Off the kitchen table and out of the local tavern, arm wrestling has grappled its way to the big leagues of internationally organized sports.
The American Arm Wrestling Association has 15,000 members, publishes a national newsletter appropriately titled The Armbender, and holds tournaments in all 50 states and Canada. (No tournaments have been held in D.C. to date, but the Maryland contests usually draw D.C. residents.) Each year, state champions compete for national titles in two tournaments in sit-down and stand-up divisions. The World Arm Wrestling Association, the AAWA's parent organization, has affiliations in more than 40 countries and holds annual world championships in such diverse spots as Syracuse (New York) and Calcutta.
Then there's the World Professional Arm Wrestling Association, with 10,000 members in 40 different cities in North America. In spite of its name, this organization specializes in conducting all-comer tournaments in shopping malls. Most of its members are amateurs who enjoy competing.
Maryland seems to be a particular hotbed of wrestling interest. Over the past few months the WPAA in conjunction with the United Cerebral Palsy Foundation has sponsored 50 local tournaments in taverns throughout the state. Under the motto "Lend an Arm to Cerebral Palsy," more than 600 competitors have strained their biceps in local and regional competitions that led to a state tournament.
"Arm wrestling is a sport anyone can get into," says Jerry Herson, 46, president of Herson's Honda in Rockville and the AAWA's 1981 "Man of the Year." "You don't need any special equipment or fancy coaches or a team; all you need is a good strong right arm and the desire to compete." (Lefties also compete in special left-handed competitions, but they're fewer and farther between.)
Staff Sergeant Ed Czarnecki, 30, of Andrews Air Force Base, is an ex-Maryland state champ in the 135-and-below weight class. He agrees with Herson about the sport's mass appeal. "One of the reasons I love this sport is that it's open to everybody. There's no age limit -- heck, that guy Al Turner's a national champion at 54 -- no size limits. Both men and women compete and even the handicapped can take part."
Dick Kruse, 34, a lobbyist who lives in McLean, is known as "the Tower of Power" in local arm-wrestling circles. He's 6f8i, weighs 270 pounds and has an artificial leg.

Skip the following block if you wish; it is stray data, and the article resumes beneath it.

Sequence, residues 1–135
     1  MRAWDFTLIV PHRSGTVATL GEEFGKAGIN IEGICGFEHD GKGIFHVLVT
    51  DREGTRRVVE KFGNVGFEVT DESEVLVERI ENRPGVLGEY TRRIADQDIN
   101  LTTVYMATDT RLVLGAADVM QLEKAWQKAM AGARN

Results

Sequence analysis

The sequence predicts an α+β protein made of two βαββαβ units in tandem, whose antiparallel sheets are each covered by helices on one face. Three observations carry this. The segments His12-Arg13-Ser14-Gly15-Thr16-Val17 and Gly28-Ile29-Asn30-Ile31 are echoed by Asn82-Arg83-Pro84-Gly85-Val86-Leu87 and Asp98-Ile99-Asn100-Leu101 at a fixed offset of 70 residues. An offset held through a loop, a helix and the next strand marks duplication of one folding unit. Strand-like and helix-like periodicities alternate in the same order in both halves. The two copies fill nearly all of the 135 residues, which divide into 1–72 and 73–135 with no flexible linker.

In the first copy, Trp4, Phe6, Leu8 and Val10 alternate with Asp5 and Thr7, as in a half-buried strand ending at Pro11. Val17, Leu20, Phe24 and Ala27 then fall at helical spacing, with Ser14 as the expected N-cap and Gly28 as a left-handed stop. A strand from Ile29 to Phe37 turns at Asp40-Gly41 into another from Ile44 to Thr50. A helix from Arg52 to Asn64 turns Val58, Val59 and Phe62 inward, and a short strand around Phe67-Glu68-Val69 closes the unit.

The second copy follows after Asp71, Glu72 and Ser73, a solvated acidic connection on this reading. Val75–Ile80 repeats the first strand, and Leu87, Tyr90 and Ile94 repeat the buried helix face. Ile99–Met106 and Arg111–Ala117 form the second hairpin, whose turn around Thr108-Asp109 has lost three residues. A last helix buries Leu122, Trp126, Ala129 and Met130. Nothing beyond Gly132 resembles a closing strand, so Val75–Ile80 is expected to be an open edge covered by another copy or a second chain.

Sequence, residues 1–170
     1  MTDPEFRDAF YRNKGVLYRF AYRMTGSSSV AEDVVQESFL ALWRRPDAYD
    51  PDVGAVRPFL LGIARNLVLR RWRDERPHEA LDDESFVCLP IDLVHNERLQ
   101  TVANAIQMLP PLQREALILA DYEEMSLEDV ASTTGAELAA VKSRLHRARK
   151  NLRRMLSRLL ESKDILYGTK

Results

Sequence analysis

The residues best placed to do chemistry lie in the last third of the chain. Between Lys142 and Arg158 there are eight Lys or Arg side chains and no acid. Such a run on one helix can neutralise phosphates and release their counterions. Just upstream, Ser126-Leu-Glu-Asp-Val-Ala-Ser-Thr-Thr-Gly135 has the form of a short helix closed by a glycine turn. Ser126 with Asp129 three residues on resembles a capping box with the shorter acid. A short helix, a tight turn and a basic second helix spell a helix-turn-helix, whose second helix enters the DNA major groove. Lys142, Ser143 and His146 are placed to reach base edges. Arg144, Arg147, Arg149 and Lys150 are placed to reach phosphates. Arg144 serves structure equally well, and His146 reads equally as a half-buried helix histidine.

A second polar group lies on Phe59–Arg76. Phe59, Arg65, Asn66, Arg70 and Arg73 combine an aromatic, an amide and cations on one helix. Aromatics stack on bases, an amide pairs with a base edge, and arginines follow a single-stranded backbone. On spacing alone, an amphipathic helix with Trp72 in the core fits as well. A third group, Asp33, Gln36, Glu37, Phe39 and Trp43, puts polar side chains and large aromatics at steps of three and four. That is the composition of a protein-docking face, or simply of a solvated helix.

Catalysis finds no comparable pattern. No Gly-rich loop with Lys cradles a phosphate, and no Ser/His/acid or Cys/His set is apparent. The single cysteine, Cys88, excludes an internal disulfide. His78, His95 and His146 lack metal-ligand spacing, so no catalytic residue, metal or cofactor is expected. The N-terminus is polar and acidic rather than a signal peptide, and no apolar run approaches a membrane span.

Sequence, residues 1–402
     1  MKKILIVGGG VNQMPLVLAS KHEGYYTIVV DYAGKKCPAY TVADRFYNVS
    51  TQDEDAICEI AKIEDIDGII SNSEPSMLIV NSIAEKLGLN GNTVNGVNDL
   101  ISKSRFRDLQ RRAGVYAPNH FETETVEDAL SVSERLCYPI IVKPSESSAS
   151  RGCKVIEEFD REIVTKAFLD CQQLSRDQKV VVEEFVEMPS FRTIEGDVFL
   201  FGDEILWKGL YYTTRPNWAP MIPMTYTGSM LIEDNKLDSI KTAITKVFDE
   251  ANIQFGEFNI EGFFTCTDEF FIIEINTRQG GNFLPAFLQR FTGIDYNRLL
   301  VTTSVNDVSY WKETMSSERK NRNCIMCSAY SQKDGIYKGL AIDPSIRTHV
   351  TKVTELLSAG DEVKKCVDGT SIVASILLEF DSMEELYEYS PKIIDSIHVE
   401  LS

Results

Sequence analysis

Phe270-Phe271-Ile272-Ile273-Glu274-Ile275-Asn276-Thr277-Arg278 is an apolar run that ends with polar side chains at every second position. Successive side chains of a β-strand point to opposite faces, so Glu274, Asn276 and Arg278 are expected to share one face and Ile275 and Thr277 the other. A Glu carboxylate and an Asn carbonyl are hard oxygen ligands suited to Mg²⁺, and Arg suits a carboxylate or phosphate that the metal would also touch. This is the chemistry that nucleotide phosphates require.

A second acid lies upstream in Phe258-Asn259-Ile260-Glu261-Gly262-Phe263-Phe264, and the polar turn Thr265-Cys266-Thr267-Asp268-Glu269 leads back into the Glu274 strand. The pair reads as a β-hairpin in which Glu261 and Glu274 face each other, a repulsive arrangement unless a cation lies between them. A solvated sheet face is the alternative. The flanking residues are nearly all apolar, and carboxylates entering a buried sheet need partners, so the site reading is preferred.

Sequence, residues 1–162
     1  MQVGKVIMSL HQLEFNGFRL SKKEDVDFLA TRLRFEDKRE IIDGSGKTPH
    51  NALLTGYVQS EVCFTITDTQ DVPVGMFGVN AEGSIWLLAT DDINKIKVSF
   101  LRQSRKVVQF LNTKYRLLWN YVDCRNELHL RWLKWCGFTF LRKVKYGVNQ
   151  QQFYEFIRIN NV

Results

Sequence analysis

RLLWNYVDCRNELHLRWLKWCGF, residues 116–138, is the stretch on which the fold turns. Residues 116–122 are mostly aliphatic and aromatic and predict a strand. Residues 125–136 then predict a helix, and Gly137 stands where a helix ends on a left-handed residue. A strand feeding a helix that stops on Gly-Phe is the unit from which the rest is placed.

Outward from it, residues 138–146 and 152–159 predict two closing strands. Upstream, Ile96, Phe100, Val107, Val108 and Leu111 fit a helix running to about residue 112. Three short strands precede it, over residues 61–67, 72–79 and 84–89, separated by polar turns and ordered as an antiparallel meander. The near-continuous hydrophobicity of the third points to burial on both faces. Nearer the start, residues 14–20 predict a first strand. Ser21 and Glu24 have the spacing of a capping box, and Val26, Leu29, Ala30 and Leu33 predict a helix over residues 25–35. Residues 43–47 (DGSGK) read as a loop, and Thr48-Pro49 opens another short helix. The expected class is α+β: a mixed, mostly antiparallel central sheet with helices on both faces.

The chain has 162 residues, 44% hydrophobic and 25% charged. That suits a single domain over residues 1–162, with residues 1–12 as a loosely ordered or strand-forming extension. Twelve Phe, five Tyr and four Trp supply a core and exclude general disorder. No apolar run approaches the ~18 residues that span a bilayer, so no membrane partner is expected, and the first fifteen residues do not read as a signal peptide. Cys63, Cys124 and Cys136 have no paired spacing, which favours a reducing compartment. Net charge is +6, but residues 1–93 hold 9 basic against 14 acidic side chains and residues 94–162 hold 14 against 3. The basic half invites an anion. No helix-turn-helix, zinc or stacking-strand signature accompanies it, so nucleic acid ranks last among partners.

Arm wrestling can also be a family affair. Maryland's heavyweight champ, weighing in at 284, is Carl Dees, 39, of Gaithersburg. Daughter Tanya, 17, a senior at Peary High School, has already been the Maryland champion in her weight class.
So just what goes into an arm-wrestling match? Here's Tanya Dees' description of what it's like to pin another person's arm against the table:
"The first thing I try to do is get psyched to win. But actually, when they call my name, my heart starts beating really fast and I get so excited that I usually have to pace around the table to calm down a little bit," she says. "I don't want to be real calm, though, because then I won't do as good.
"Then I try to get a real firm grip; you can't let the other girl have an advantage -- our shoulders have to be square at the beginning; both people have to be even -- well, then I really try to concentrate.
"What everybody does is they try to get the jump like right at the second the referee gives the signal, I pull her in close so she's spread out. If I can get my shoulder over the top, that's even better. Then I try not to let her up for even a second and I bring her on down to the peg."
All this concentration goes into a match that seldom lasts more than 10 seconds.
Most fans who've watched an occasional arm-wrestling competition on TV probably never realize what's involved. For example, Super Bowl heroes Dexter Manley and Otis Wonsley of the Washington Redskins both attended the Super Classic Pro Football Arm Wrestling Tournament in Las Vegas last month. Even though both men have excellent upper-body strength, neither lasted very long in the competition. Manley, who can bench press 505 pounds and curl 145, simply says, "Hey listen, it was my first time and I have no experience. But it was fun."